Mentorship is important, but not the only prerequisite for startup success: Suresh Prabhu


In a Facebook live session with the startup community, Union Minister for Commerce and Industry Suresh Prabhu addressed entrepreneurs' queries and concerns, and spoke on mentorship, regulations, profitability and women entrepreneurship.

As India’s startup ecosystem sees billionaire entrepreneurs and unicorns, the focus on starting up is growing at an accelerated pace. However, this is easier said than done as there still are tight regulations, and crucial issues demanding attention from the ecosystem to flourish further.

Commerce minister Suresh Prabhu took to Facebook on Wednesday to address entrepreneurs' concerns through the hashtag #AskPrabhu. The minister also highlighted the support that they can seek from Startup India.

Union Minister for Commerce and Industry Suresh Prabhu

He kickstarted the session by congratulating all entrepreneurs, and emphasising that the government and startup community should work together to redefine India’s economy. “We are very excited that we are getting into a new phase of economic development in which ideas and innovation will drive the Indian economy and who will make it happen, it’s you – the startup community,” he said.

Mentoring is often deemed as a significant driver when it comes to startup growth and success. While responding to a query on mentorship, Suresh Prabhu said that finding a good mentor is more important than just seeking mentorship. He added that entrepreneurs need more self-confidence to build and scale their startup, rather than just mentoring, and reiterated that mentoring is important but is not the only pre-requisite for startups to succeed.

While speaking of the problems that entrepreneurs face while starting up, he said that “everybody faces problems, but how you deal with the problems is key.” He highlighted three key issues that aspiring entrepreneurs often face – the idea of starting up, converting an idea into a business solution, and then taking it through several hurdles like regulations, talent, and others.

The commerce minister also elaborated on the mental block that exists in terms of starting up or doing business. He stressed there is a social stigma around the risk-taking ability of doing a business, and that needs to be changed. But how will that happen? Suresh Prabhu is confident that successful businessmen and billionaire entrepreneurs would become role models and change this mindset.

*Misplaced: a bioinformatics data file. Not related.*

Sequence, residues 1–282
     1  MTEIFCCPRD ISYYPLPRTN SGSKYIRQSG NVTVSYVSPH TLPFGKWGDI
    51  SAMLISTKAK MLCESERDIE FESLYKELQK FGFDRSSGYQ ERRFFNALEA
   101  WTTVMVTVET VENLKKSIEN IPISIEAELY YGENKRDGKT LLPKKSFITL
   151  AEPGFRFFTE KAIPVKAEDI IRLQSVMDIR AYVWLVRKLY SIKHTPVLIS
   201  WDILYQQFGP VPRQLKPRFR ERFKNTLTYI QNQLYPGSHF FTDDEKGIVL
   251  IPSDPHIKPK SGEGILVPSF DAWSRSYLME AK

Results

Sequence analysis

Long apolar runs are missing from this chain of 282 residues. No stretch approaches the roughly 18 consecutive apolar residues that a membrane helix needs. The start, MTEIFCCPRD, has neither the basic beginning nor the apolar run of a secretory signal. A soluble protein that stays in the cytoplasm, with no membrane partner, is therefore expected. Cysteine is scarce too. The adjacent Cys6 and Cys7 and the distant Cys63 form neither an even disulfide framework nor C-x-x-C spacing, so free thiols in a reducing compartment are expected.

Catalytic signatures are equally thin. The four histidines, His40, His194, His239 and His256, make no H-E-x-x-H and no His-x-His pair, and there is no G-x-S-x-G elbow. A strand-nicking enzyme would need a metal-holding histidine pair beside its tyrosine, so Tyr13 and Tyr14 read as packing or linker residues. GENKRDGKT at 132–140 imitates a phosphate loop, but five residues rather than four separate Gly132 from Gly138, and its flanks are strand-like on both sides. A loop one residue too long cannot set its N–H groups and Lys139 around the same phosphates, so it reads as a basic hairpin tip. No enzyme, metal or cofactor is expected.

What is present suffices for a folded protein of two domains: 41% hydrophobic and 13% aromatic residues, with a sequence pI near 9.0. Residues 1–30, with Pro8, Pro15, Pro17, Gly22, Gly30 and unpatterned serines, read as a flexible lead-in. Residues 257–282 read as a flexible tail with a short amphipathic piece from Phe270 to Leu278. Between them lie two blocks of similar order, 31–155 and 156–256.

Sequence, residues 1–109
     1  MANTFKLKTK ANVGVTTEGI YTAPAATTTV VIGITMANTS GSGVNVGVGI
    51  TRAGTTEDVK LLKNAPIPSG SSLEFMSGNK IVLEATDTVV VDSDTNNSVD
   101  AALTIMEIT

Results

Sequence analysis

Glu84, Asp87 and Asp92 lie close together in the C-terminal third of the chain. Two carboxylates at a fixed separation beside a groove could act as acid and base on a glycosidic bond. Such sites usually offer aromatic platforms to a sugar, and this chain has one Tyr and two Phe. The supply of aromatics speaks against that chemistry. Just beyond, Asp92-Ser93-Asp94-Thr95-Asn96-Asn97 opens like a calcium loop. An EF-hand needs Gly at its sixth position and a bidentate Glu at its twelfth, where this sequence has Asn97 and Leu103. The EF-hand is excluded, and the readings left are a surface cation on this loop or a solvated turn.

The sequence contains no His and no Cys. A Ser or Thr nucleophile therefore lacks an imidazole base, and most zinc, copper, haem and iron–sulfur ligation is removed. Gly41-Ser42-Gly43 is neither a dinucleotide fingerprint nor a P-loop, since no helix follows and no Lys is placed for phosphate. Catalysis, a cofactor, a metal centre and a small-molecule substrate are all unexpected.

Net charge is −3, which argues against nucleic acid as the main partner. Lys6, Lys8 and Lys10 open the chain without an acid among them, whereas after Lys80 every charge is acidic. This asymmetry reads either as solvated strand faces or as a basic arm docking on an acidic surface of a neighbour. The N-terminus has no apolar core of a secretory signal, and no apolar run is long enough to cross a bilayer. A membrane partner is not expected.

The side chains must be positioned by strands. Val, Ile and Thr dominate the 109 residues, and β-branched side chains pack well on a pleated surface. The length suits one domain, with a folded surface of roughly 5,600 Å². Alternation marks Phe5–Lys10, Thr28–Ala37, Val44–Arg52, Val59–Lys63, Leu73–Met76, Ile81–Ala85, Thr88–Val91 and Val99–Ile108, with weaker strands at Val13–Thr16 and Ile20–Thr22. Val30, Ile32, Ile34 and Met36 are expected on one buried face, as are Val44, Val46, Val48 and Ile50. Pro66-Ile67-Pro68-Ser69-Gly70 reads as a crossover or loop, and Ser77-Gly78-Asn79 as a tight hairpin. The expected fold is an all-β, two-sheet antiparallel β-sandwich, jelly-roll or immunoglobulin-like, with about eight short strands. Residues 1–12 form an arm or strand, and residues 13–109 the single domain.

“Mindset change is very important. Earlier, people used to think I have taken a lot of risk, and I don’t want my son to take that much risk and suffer by doing a business. The scenario will change by creating real-life heroes. I am sure people will soon realise that business is good, it’s a matter of time,” he said.

Suresh Prabhu also touched upon other key issues – tax exemption and regulations - for startups. He highlighted the tax holiday provisions which allows startups with revenues less than Rs 25 crore a year, and incorporated between April 1, 2016, and April 1, 2021, to claim tax deductions for three consecutive assessment years out of seven years. The minister also urged entrepreneurs to visit Startup India hub for more details and regular updates about the ecosystem.

Talking about regulations, Suresh Prabhu explained that regulations are framed based on working of the market and the prevalent system. However, he added that a startup is a breakaway from the old system and therefore regulations must change with changing times.

He also responded to queries on fund of fund schemes, and agro-based export start-ups, and assured that the government is exploring avenues to enhance the mobility of perishable goods. Talking about spreading awareness about the startup ecosystem, the commerce minister said that the government is organising several initiatives to create more awareness including Startup Yatra. He believes that creating awareness through participation is important, and the first Facebook live startup session was also an effort in this direction.

Shedding light on the importance of women entrepreneurship, Suresh Prabhu said there is a lack of active participation of women entrepreneurs in the ecosystem, and assured that the government is working on initiatives to boost women startups.

Before signing off, Suresh Prabhu said, “One can’t weigh business ethics over profitability and vice versa.” While responding to a query on ‘business ethics versus profitability’, the minister said entrepreneurs need to balance both, and one cannot exist without the other.

The minister said he is a strong believer in the power of social media. In his previous Facebook live session, Suresh Prabhu had said Prime Minister Narendra Modi had wanted him to make sure the new startup wave gathers steam, and that entrepreneurs daring to think differently have “the power of the state behind them.”

Pratyush Prabhakar, who works at the commerce ministry said it is focusing on increasing interactions with startups, and the minister is open to meeting as many startups as possible.


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